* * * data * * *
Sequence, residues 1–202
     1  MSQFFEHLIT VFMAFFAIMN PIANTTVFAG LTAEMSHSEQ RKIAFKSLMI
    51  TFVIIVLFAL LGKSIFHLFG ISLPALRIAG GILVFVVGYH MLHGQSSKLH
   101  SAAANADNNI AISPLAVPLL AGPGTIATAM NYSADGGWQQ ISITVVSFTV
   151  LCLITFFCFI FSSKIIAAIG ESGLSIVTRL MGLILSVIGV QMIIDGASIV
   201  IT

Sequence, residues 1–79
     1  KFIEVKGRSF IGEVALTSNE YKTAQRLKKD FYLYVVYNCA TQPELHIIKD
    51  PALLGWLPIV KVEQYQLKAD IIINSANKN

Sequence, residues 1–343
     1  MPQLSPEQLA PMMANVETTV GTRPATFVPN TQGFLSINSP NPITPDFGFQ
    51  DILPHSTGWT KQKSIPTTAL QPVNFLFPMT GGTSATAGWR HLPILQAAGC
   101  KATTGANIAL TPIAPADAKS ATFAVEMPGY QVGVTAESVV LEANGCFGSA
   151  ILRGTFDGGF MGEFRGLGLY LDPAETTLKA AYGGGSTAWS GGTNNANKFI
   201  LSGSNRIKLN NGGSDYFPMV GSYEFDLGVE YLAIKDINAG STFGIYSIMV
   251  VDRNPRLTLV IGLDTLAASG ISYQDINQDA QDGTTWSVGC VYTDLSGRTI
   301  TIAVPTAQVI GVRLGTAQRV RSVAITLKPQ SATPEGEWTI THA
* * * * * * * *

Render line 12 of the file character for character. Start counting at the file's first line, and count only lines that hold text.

    51  DILPHSTGWT KQKSIPTTAL QPVNFLFPMT GGTSATAGWR HLPILQAAGC